In July 1964, after a decade of intense media focus on civil rights protest in the Jim Crow South, a riot in Harlem abruptly shifted attention to the urban crisis embroiling America's northern cities. On the Corner revisits the volatile moment when African American intellectuals were thrust into the spotlight as indigenous interpreters of black urban life to white America, and examines how three figures--Kenneth B. Clark, Amiri Baraka, and Romare Bearden--wrestled with the opportunities and dilemmas their heightened public statures entailed. Daniel Matlin locates in the 1960s a new dynamic that has continued to shape African American intellectual practice to the present day, as black urban communities became the chief objects of black intellectuals' perceived social obligations.
Black scholars and artists offered sharply contrasting representations of black urban life and vied to establish their authority as indigenous interpreters. As a psychologist, Clark placed his faith in the ability of the social sciences to diagnose the damage caused by racism and poverty. Baraka sought to channel black fury and violence into essays, poems, and plays. Meanwhile, Bearden wished his collages to contest portrayals of black urban life as dominated by misery, anger, and dysfunction.
In time, each of these figures concluded that their role as interpreters for white America placed dangerous constraints on black intellectual practice. The condition of entry into the public sphere for African American intellectuals in the post-civil rights era has been confinement to what Clark called "the topic that is reserved for blacks."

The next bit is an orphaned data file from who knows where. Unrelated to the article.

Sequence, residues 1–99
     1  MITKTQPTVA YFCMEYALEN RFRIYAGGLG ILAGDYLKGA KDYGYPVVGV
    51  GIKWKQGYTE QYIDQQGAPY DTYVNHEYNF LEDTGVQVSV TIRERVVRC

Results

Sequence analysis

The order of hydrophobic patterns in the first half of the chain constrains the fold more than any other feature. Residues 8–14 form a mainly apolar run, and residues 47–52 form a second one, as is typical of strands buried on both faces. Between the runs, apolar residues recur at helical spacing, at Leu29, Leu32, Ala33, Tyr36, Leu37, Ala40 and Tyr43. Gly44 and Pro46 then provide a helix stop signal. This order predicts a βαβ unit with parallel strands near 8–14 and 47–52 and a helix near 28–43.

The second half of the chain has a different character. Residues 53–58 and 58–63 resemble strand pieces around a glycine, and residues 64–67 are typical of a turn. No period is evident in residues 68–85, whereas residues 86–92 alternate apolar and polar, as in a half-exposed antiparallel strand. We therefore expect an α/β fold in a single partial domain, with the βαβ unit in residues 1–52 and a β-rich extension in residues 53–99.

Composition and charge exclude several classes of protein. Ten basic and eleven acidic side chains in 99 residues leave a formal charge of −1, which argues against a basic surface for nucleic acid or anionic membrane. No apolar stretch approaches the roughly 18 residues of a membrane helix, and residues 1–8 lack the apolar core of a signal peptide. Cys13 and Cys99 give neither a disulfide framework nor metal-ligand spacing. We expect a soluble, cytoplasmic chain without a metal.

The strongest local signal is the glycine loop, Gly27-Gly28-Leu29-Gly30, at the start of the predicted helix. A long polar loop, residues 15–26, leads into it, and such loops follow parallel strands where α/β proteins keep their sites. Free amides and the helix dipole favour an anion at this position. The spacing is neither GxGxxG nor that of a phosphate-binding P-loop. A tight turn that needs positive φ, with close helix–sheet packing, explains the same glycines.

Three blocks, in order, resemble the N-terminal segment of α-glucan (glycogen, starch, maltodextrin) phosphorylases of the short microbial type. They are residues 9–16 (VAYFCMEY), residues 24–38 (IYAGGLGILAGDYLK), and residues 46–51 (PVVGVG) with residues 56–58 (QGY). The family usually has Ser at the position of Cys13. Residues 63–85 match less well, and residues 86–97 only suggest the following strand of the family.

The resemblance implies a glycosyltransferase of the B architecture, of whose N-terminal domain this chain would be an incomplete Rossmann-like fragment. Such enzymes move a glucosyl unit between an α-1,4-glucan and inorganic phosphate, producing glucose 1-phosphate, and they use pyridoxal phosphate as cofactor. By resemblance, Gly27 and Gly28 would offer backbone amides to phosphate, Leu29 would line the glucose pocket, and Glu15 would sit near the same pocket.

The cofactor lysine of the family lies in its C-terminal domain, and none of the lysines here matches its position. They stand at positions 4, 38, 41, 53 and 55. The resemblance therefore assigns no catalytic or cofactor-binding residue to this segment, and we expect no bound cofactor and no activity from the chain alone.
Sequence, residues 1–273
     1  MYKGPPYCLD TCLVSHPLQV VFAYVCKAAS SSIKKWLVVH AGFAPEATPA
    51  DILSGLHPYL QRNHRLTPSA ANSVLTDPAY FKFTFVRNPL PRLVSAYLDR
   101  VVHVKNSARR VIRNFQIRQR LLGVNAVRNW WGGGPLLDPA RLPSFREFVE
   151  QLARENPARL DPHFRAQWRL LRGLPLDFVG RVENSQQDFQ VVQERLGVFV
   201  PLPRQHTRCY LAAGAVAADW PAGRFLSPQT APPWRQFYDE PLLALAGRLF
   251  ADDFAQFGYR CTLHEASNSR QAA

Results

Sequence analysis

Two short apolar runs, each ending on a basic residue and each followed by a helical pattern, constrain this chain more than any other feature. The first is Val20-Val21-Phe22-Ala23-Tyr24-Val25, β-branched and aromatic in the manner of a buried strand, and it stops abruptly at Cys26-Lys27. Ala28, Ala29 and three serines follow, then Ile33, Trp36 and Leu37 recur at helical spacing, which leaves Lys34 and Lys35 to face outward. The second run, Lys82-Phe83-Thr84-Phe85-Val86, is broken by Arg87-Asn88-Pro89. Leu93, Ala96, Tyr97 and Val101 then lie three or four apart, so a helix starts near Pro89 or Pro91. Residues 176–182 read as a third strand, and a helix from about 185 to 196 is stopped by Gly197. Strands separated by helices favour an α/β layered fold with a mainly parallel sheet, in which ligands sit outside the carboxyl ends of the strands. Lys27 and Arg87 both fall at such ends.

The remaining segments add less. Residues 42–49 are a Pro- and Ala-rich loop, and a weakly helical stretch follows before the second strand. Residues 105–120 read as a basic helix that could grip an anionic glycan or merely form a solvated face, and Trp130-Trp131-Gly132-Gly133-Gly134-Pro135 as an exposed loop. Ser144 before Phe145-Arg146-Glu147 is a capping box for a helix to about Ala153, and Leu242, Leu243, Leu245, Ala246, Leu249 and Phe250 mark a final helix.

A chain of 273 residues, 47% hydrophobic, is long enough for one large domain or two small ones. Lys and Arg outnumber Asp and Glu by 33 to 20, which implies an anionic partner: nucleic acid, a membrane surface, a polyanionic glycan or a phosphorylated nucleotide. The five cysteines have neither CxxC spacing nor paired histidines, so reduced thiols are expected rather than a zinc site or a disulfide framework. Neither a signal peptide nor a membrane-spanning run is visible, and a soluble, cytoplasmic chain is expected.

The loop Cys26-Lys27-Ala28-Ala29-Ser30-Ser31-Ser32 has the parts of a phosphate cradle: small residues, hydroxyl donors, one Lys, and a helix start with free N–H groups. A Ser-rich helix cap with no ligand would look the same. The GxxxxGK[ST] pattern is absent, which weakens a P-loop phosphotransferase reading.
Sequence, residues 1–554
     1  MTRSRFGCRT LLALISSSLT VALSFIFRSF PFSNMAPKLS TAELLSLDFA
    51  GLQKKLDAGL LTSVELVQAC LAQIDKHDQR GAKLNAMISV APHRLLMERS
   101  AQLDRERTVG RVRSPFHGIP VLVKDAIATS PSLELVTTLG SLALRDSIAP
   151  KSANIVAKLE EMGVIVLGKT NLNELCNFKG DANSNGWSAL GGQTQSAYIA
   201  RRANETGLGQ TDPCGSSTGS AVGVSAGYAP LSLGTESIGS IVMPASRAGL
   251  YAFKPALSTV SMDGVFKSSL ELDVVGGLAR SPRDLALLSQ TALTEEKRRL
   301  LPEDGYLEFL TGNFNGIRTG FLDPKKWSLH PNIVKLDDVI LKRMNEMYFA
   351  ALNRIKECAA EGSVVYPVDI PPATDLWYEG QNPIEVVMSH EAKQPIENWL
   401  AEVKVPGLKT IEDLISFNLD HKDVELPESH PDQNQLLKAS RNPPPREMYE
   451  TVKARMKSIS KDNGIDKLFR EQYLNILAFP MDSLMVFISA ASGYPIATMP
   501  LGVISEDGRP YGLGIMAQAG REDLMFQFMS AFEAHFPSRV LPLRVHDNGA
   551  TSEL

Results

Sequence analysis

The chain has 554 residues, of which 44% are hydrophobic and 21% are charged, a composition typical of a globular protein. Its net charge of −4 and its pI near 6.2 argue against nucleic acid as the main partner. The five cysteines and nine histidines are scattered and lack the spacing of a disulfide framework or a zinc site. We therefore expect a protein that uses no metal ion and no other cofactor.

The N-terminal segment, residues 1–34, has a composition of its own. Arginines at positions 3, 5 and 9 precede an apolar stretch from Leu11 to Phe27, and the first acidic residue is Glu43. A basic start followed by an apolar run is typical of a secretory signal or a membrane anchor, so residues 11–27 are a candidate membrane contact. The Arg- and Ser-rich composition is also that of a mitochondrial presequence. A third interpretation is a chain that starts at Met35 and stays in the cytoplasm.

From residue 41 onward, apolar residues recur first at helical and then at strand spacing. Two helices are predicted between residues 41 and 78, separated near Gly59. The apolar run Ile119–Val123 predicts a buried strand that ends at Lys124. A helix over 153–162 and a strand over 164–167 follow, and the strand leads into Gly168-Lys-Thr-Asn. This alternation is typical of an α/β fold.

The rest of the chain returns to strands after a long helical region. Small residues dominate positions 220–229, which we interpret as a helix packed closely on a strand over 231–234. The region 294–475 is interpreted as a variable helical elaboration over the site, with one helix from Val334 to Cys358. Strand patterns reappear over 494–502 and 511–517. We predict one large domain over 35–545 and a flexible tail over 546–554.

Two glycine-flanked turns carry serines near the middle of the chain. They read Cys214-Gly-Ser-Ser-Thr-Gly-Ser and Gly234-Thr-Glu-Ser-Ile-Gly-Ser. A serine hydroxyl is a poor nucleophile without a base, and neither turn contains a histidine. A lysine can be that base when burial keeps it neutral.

Daniel Matlin has written a fascinating account of how the riots of the late 1960s propelled African American intellectuals into the public eye. Called to speak as 'indigenous interpreters,' Romare Bearden, Kenneth Clark, and Amiri Baraka forged new political and artistic visions while navigating the shifting grounds of race and racism in American life.
On the Corner offers a fresh and bold interpretation of black intellectual life in the 1960s. By taking familiar individuals--Kenneth Clark, Amiri Baraka, and Romare Bearden--and casting them in new light, Matlin advances our understanding of how deeply intertwined conversations about race, identity, authenticity, the establishment, the grassroots, uplift, and masculinity happen to be.
Drawing fresh and brilliant insight from the careers of Kenneth Clark, Amiri Baraka, and Romare Bearden, Matlin unpacks the tangled debates over poverty and criminality from a half-century ago with the keenness of a sharp-eyed observer listening on the corner in real time. His observations about the imaginative power of the arts to capture the full dimensions of black humanity--its joy and pain, sorrow and celebration--show just how important the humanities are in illuminating some of our most enduring social challenges.
In this fascinating account of how black intellectuals and artists found themselves acting as indigenous interpreters of black life and culture to white America, Matlin examines the roles of Kenneth Clark, Amiri Baraka, and Romare Bearden from this perspective.
- 2013, Joint winner of the Benjamin L. Hooks Institute National Book Award
- 368 pages
- 6-1/8 x 9-1/4 inches
- Harvard University Press
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